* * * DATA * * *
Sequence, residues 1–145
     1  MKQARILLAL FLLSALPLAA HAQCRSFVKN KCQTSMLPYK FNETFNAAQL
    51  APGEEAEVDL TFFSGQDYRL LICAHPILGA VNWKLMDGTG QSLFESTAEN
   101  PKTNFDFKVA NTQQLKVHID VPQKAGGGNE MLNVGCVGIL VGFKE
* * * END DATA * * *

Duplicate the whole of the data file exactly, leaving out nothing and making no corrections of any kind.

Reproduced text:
Sequence, residues 1–145
     1  MKQARILLAL FLLSALPLAA HAQCRSFVKN KCQTSMLPYK FNETFNAAQL
    51  APGEEAEVDL TFFSGQDYRL LICAHPILGA VNWKLMDGTG QSLFESTAEN
   101  PKTNFDFKVA NTQQLKVHID VPQKAGGGNE MLNVGCVGIL VGFKE